Kritika accepts contributions in the following genres: (a) research articles (8,000–12,000 words, including notes); (b) review articles (6,000–10,000 words, including notes); (c) review essays (2,000–8,000 words, including notes); (d) source analyses (2,000–6,000 words, including notes); (e) reevaluations of classic works in the field from a contemporary perspective (5,000–10,000 words, including notes); and (f) letters to the editors (no longer than 500 words). For information on styles, see our style sheet. Submissions to Kritika should be original work not published previously in any language. We will not consider text or images created using artificial intelligence (AI) and require disclosure of the extent and nature of AI assistance (error checking, image refinement, etc.), if any, in submitted content.
In all genres, please include your work mailing address and e-mail address at the end of the submission. Please give full names, including patronymics, on first reference in text and notes, for all individuals whom you treat in depth and historical figures who might be difficult to distinguish from others with similar initials. Otherwise, Russian persons, wherever possible, should be identified with full first name in text and double initials in notes. List publishers in all citations to secondary works, including Russian publishers.
Articles should be submitted as e-mail attachments to one of the editors. All articles considered by the editors to have potential for publication will be subject to anonymous peer review by scholars in the field. Once an article has been evaluated it may be accepted, sent to the author for revision and resubmission, or rejected.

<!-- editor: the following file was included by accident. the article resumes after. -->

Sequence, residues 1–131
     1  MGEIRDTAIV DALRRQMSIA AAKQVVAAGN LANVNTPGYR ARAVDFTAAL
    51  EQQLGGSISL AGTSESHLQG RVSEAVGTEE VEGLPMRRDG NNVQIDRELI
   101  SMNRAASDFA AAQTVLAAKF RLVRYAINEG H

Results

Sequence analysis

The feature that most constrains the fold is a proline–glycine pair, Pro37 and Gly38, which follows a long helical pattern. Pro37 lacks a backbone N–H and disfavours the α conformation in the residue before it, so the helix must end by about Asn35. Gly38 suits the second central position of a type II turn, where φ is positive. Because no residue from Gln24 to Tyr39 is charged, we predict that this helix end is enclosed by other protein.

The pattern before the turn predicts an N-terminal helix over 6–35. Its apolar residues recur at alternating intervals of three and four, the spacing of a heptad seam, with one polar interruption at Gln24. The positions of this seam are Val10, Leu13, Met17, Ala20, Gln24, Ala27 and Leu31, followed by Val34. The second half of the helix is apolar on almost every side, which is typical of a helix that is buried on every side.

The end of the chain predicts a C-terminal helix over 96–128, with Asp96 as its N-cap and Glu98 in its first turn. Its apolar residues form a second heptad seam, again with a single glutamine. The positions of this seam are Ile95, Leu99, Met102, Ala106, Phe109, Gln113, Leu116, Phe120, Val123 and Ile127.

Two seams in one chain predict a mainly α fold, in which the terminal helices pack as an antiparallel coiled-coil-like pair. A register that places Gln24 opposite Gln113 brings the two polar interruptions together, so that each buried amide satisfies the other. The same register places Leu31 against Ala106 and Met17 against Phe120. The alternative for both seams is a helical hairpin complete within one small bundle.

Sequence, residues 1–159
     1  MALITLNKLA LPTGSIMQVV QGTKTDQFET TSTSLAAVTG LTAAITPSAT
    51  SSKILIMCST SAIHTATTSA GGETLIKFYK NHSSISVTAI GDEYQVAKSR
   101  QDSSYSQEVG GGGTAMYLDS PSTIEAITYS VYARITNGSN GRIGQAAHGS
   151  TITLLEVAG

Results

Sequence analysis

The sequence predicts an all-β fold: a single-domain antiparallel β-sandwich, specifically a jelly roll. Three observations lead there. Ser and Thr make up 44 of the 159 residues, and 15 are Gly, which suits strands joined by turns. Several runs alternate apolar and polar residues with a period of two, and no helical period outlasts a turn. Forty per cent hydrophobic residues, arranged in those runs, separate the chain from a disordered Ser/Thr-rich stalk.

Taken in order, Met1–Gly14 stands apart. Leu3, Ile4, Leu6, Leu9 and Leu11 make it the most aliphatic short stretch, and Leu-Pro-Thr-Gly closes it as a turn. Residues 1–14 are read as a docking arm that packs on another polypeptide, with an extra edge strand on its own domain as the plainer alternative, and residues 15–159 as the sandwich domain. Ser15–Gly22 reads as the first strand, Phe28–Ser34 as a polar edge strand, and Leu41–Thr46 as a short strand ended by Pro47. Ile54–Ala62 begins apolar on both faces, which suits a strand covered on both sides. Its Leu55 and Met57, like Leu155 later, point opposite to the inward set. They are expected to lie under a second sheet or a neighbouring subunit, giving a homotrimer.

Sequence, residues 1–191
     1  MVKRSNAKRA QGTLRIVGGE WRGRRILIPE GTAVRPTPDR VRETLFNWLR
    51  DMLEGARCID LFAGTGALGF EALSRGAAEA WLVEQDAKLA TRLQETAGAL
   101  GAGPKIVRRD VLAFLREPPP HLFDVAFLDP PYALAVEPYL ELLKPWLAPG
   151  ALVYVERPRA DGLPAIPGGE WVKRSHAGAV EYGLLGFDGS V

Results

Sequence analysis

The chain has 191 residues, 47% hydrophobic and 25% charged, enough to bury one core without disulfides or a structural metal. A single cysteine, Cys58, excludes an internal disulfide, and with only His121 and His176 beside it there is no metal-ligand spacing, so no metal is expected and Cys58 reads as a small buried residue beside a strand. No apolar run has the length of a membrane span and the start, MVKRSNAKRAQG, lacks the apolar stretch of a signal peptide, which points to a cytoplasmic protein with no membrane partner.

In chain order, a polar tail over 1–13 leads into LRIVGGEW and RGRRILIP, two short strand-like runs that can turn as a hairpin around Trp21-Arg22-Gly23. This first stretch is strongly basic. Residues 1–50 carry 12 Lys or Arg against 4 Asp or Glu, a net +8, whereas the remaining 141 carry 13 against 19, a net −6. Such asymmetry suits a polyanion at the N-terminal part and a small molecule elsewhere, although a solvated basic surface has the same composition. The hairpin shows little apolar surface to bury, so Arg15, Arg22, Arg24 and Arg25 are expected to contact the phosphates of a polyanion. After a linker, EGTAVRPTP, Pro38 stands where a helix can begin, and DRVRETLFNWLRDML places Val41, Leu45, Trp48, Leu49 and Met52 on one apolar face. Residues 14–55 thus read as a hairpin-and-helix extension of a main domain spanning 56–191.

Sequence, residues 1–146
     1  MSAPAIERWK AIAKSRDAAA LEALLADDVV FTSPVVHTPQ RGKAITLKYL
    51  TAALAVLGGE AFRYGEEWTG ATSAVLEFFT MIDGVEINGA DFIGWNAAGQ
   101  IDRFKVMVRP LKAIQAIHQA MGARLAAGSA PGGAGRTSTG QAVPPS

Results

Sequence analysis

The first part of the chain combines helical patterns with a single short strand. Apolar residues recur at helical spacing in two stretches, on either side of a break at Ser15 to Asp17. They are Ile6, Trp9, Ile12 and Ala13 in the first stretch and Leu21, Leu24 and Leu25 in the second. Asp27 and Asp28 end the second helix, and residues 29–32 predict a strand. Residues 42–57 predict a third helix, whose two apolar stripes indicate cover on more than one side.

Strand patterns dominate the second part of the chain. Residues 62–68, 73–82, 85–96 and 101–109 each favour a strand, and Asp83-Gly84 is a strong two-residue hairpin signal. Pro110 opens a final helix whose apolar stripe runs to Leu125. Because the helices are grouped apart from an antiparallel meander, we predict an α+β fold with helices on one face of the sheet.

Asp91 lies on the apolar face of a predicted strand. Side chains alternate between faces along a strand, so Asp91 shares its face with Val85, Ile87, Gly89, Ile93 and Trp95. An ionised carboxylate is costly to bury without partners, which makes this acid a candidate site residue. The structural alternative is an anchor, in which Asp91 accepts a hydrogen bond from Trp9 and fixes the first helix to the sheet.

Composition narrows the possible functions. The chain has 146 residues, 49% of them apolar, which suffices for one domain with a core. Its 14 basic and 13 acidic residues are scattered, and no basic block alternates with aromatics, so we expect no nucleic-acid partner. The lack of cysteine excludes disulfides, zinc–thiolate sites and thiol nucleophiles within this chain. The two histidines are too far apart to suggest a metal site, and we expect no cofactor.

Sourcework submissions may include close readings of individual or small groups of historical sources, explorations of new methodologies or methodological questions, and/or critical descriptions of research and the role of the authorial self in archives, oral interviews, or wherever the life of the historian leads. They should be submitted in electronic form to one of the editors.
Classics in Retrospect
This rubric asks historians to reevaluate, in light of subsequent scholarship, books that were understood as classics at the moment of their publication, or books that came to be seen as classics in the years following their publication. Generally speaking, these books were published at least thirty years ago. If you have an idea for a Classics in Retrospect essay, please contact Special Projects Editor Stephen Bittner. We do not accept unsolicited submissions for this genre. Neither Classics in Retrospect nor Sourcework submissions are subject to peer review, but the editors reserve the right to ask for revisions before publication.
Review Essays and Review Articles
Those wishing to write review essays or review articles for Kritika should first contact one of the associate editors or editors. Among the associate editors, in general, Maria Grazia Bartolini is involved most with topics connected to pre-Petrine history; Ian W. Campbell with the history of the Russian Empire; Matthias Neumann with the 1917–53 period; and Alexandra Oberländer with international/ comparative topics and Soviet history after 1953. Among the editors, Gregory Afinogenov is most involved in early Russian and imperial history, Krista Goff and Jeff Sahadeo with modern topics. Review essays and review articles received without prior consultation with one of the editors will not be accepted.
Review essays, which analyze in depth a discrete body of noteworthy secondary works, should begin with a title and list of books under consideration, with full bibliographical information. Review articles are expected to range over a large number of secondary works, contain a substantial scholarly apparatus, and feature a component of original research. Both genres of review should be submitted as e-mail attachments to the editor or associate editor who assigned it.
Letters to the Editors
Kritika actively solicits responses to its publications. Letters to the editors should be brief and civil, address issues raised in or articles published in Kritika, and be submitted in electronic form to one of the editors. The editors reserve the right not to print inappropriate responses and to make minor stylistic changes.